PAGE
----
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CHARLES BOER (1939–2014)
Charles Boer taught mythology, poetry, and individual 20th-century writers in the English department at University of Connecticut from 1966 to 1992. He was a gifted translator of ancient Greek and Latin. His translation from ancient Greek of the Homeric hymns was nominated for the National Book Award in 1972, and his translations from Latin of Marsilio Ficino’s Book of Life (1980) and Ovid’s Metamorphoses (1989) were highly praised. His most popular and successful book (translated into 28 different languages), however, was Freud’s Own Cookbook, written with James Hillman. His other books include works of poetry and biography along with numerous literary and critical articles and lectures, and poems mostly published in small publications. After retiring from UConn, Boer became the editor of Spring: A Journal of Archetype and Culture and taught mythology and classics at the Pacifica Graduate Institute in Santa Barbara (1994–97). In addition, he was a regular participant and lecturer at the Eranos Conferences (1972–2001) in Ascona, Switzerland and a founder of the international Myth & Theatre Conference in 1986, in which he participated until 1999.
Cover image with Homer

Translated by CHARLES BOER
Third, revised edition
Paperback original, 210 pages, $22
ISBN: 978-0-88214-167-1
Kindle/Apple Books, $9.99

One of the most remarkable translations of an ancient Greek text ever made. Scrupulously faithful to every line of Homer’s text, its language nonetheless sings and moves, evoking the mythic imagination of ancient Greece in a manner rarely captured before. By avoiding the conventions of academic style which afflict so many classical translators, Charles Boer’s verse delivers for us the world of Homer’s gods and goddesses as a fresh and stunning experience. Since 1972, this version of the Homeric Hymns—nominated for a National Book Award—has been acclaimed by the critics and public alike and has widely established itself as a classroom text.
We are all very much in Boer’s debt, and we should all welcome the appearance of a new translator who possesses both the power of language and respect for that past that can restore us the secrets of our own lost or threatened humanity.
    — William Arrowsmith
Cover image with Correggio painting of Io and Jupiter

Translated by CHARLES BOER
Second, revised edition
Paperback original, 418 pages, $26
ISBN: 978-0-88214-169-5
Kindle/Apple Books, $9.99

The greatest single narration of what the mythic world of antiquity looked, thought, and felt like at its climax in a striking translation. In this tour de force, all the classic tales of Western mythology come to life.
This is the authentic Ovid, the feeling, the pulse, the mental and vocal style of a vanished people. Boer has found this hidden beat, and the eerie excitement in every line shows me what veils have lain between us and the ancients up till now  …This is what the ancients were sitting still for, nothing less, of that I’m certain.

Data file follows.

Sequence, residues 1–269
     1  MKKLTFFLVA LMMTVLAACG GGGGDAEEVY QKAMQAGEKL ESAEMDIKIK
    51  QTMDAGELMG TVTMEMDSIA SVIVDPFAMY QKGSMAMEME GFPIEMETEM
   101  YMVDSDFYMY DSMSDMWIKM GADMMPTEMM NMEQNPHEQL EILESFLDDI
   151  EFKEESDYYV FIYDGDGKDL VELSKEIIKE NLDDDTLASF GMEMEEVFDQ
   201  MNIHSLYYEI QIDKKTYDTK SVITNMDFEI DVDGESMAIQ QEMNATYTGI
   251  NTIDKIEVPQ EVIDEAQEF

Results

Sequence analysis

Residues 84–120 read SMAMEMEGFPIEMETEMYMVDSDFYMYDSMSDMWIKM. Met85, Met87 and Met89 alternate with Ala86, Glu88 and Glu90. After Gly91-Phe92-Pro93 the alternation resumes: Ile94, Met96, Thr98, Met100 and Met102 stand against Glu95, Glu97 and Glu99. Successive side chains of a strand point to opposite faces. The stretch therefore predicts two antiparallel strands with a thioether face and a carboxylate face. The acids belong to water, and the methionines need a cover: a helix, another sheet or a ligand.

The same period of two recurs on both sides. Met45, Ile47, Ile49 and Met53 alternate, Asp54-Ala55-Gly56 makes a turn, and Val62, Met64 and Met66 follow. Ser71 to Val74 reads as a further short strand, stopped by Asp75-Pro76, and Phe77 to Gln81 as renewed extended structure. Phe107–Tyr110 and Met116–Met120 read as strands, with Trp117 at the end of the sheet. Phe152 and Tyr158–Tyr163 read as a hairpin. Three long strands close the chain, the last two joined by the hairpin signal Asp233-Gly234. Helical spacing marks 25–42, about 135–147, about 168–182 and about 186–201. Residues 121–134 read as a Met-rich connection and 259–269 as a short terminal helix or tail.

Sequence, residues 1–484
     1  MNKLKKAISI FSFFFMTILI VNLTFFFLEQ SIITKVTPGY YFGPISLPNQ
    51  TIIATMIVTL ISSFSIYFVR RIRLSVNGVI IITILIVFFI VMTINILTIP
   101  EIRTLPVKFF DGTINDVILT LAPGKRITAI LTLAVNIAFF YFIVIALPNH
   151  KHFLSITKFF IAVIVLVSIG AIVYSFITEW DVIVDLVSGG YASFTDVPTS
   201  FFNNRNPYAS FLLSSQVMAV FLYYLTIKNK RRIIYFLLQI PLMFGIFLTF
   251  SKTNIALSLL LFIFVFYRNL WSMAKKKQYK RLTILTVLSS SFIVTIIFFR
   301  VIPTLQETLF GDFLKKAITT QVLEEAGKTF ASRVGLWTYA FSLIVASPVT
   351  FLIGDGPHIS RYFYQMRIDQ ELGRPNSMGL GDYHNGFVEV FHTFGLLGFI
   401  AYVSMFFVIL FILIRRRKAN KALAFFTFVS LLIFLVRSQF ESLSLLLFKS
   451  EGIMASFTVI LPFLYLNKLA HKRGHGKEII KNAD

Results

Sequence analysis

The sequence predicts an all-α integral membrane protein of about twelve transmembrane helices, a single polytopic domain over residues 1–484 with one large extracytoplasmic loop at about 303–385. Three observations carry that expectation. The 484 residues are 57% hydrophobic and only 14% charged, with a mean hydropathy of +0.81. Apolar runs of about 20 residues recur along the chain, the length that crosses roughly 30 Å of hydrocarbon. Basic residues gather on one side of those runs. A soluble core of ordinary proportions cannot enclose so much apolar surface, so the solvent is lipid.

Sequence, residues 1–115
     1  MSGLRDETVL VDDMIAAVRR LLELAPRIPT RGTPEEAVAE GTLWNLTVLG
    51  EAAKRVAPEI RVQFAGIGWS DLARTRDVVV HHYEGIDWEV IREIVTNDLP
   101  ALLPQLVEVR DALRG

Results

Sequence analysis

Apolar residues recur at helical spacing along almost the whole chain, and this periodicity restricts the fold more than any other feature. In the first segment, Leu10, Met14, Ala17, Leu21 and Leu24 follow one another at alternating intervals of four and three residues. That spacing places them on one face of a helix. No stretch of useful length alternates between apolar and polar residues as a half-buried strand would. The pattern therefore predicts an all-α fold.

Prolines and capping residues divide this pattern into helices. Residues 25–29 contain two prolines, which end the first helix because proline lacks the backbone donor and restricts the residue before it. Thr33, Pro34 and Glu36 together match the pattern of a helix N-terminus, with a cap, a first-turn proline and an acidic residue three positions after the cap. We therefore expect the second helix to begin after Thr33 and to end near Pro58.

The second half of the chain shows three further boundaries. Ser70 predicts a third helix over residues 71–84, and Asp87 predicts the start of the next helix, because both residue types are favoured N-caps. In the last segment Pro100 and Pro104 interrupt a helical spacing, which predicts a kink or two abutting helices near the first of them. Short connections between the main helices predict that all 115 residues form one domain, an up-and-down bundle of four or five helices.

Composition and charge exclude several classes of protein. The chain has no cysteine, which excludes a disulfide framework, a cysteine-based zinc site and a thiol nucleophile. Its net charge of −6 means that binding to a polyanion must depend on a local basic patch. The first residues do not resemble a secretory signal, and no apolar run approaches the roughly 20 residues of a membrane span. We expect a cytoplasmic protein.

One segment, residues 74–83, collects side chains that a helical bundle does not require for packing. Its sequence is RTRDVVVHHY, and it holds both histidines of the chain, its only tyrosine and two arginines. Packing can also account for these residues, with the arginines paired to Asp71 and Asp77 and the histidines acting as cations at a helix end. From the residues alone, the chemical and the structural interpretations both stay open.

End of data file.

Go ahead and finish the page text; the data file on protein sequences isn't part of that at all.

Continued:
— William Kotzwinkle
Cover image with Michelangelo's Bacchus

Translated by CHARLES BOER
Third, revised edition
Paperback original, 250 pages, $24
ISBN: 978-0-88214-171-8
Kindle/Apple Books, $9.99

Charles Boer’s groundbreaking translation of Marsilio Ficino’s immensely popular Renaissance treatise on mental and physical health, Liber de vita. Ficino wrote about the secrets of food, the pleasures in life, the antidotes to depression, and a lot of other wisdoms that had been lost for centuries.
   A founding text of archetypal psychology, it has long been an important source for image-oriented thought.
Sigmund Freud wearing a cook hat
With illustrations by JEFF FISHER
Second, revised edition
Paperback original, 206 pages, $22
ISBN: 978-0-88214-165-7
Kindle/Apple Books, $9.99

Eat your way to sanity the Freudian way, with recipes from Sigmund Freud's long-suppressed private cookbook. Here is the definitive work Freud would have given us had he not been distracted by his patients, anxieties, and professional articles. As the master himself writes, “Enough has been recorded of what we said; yet not one word of what we ate.” These are the authentic dishes that not only delighted those pioneers of the pleasure principle but nourished them as well.
    With these recipes come Freud’s intimate revelations about his colleagues and patients, their gastronomical peculiarities—and some of his own—and previously unpublished reflections on his theories, including “Civilization and Its Indigestion,” “The Interpretation of Creams,” “Moses and Matzoballism,” and “Luncheon Interruptus.” The truth comes out about Jung’s fainting spells and Freud’s lifelong dislike of chicken.
   Replete with source notes, editors’ comments, index, tips on technique, and delightful illustrations of the Vienna circle at the table, Freud’s Own Cookbook is essential for those who only know oral eroticism as a theory. Now everyone can try it, as Freud did, in the privacy of the kitchen.
I didn't know he could cook. In fact, I didn't know men could cook.
   — Alma Mahler
A lovely book, a work of genius. I’m sending him some peaches.
    — Nellie Melba